The disease typically occurs in women under 40 and men over 60, but it can develop at any age. Myasthenia gravis may be debilitating, but the good news is that symptoms can usually be controlled with medication. Steroids can help limit the production of antibodies that target acetylcholine receptors. Drugs called acetylcholinesterase inhibitors increase muscle strength by slowing the breakdown of acetylcholine. When neurotransmitters remain for longer periods of time, signals to the muscles are more likely to go through.

As you enjoy the outdoors and weather during Myasthenia Gravis Awareness Month, keep in mind all the things your muscles and nerves are doing without you even thinking about it.

 

Rebekah Morrow 3Rebekah Morrow, PhD, is an assistant professor of immunology and microbiology at the Alabama College of Osteopathic Medicine.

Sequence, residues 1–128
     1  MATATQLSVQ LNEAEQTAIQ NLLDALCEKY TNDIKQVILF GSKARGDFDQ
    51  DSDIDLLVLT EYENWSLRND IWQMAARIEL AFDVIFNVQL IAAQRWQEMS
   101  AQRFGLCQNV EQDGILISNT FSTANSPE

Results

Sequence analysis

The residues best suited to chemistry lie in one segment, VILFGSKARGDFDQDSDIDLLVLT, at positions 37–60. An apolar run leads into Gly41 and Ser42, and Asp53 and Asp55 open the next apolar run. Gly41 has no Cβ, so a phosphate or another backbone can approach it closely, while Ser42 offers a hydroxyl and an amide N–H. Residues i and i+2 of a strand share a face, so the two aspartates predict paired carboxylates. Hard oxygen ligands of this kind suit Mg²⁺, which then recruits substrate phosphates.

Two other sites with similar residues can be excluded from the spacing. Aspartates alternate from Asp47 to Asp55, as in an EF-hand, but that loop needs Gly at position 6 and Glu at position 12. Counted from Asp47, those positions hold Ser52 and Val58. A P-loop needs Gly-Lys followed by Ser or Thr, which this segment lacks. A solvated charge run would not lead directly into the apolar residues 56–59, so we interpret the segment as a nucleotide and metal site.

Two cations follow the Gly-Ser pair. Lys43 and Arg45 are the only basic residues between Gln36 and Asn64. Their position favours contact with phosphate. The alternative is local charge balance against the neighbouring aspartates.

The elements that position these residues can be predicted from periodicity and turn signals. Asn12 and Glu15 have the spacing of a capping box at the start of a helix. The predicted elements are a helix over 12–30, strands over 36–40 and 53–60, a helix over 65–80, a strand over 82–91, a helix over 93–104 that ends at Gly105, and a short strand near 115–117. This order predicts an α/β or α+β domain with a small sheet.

Like Father, Like Son (and Daughter): How Your Dad’s Past Affects Your Future

Happy daughter playing with dad

Credit: iStock

What makes your father the best dad in the world? Maybe it’s his sense of humor or the times he has taken you to the movies or played catch in the yard. Or maybe it’s the fact that he made healthy lifestyle choices before you were born. Recent research suggests that your father’s health before you were conceived (preconception) may change the way your genes behave to affect your future health. It almost sounds like something out of a science fiction movie, but it’s real.